18 3.5 Abscisic acid is a growth inhibitor Abscisic acid (ABA) is produced in leaves, stems, roots, green fruits. High concentration of ABA in wilted leaves promotes stomatal closure thus preventing water loss by decreasing transpiration under severe drought conditions ABA promotes seed dormancy at high concentrations. For germination to occur ABA must be eliminated and the ratio of ABA to gibberellins must be adjusted so that germination will take place providing that all environmental conditions required for germination are prevailing Promotes bud dormancy 18

19 3.6 Ethylene promotes fruit ripening and abscission Ethylene is produced in leaves, ripening fruit tissues, stem nodes and damaged senescing tissue. Promotes fruit ripening and commercially used for ripening fruits on one hand, and on the other hand ethylene production can be inhibited using CO2 that inhibit ripening in fruit storage. Promotes abscission in flowers and leaves that lead to their separation and falling down in Autumn which greatly decrease water loss in the tree to withstand prevailing environmental conditions Inhibits stem elongation Development of seedling primordia. 19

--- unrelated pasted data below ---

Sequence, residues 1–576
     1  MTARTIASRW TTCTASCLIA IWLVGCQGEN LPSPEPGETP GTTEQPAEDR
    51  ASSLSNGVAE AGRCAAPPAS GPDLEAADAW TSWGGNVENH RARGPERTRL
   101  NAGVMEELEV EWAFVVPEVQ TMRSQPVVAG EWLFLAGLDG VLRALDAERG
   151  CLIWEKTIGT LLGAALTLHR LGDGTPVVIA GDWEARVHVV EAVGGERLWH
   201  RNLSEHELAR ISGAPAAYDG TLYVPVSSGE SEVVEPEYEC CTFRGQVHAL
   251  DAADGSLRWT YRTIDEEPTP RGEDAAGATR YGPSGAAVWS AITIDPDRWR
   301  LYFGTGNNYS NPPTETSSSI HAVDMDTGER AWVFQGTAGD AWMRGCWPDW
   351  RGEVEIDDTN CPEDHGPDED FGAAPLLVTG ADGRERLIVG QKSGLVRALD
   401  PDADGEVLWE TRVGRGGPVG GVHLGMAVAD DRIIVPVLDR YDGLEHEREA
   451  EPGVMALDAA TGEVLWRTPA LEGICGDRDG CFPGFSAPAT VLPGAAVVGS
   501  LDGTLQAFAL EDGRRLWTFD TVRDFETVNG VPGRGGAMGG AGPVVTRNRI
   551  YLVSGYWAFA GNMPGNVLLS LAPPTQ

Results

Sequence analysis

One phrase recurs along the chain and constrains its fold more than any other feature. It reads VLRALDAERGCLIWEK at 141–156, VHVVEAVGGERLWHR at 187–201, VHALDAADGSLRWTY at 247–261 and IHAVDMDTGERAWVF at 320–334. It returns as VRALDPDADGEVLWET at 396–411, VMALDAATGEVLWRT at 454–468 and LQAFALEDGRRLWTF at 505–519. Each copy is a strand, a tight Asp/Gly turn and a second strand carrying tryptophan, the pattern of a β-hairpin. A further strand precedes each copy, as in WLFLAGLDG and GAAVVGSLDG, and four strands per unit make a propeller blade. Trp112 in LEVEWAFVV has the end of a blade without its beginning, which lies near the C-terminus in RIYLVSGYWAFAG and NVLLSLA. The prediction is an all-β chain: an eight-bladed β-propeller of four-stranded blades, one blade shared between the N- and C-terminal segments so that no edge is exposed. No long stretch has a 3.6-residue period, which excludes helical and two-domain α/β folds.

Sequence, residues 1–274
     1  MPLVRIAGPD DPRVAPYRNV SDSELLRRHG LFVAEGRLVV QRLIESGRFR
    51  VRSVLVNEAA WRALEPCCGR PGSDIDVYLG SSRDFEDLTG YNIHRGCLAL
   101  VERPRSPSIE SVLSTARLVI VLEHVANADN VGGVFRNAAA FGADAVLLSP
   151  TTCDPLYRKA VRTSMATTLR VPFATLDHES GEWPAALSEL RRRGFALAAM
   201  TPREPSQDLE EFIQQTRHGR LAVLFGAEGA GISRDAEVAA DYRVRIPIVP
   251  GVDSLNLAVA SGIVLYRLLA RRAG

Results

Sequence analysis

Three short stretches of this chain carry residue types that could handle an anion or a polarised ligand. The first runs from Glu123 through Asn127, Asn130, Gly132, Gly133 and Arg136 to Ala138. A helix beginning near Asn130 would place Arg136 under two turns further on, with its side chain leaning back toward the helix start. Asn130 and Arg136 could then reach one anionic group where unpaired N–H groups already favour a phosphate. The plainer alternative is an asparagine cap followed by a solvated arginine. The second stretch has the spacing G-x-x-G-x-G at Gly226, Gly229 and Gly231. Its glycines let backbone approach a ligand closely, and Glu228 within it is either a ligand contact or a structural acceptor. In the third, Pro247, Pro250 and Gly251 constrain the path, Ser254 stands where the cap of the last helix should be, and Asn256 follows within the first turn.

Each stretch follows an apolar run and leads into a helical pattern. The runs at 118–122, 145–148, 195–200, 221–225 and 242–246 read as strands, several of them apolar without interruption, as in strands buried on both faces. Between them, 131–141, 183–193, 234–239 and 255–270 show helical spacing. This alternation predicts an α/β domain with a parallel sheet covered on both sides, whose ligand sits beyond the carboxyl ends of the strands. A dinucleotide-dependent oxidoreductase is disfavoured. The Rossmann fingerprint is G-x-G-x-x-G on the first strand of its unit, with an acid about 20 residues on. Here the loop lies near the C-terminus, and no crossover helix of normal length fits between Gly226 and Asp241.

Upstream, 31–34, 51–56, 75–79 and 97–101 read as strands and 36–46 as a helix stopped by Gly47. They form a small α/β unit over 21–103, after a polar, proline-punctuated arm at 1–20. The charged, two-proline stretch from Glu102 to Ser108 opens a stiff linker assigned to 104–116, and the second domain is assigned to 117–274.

20 3.7 Practical applications of plant hormones in agriculture Production of seedless fruits by the integrative action of auxins and gibberellins Killing of weeds by means of auxins Regulation of fruit and flower production and maturation by the integrative action of more than one hormone 20

21 3.8 Photoperiodism The phenomenon of photoperiodism also has an important impact on plant growth and development. Photoperiodism refers to the length of the light and dark cycles that the plant is exposed to. In many plants, flowering is regulated by photoperiod, although what is actually important is the length of the dark period, not the light period. Plants classified as short-day/long-night plants with respect to flowering have a minimum requirement for time in dark (a critical night) before they flower and will not flower if given even a short light exposure during the dark period. 21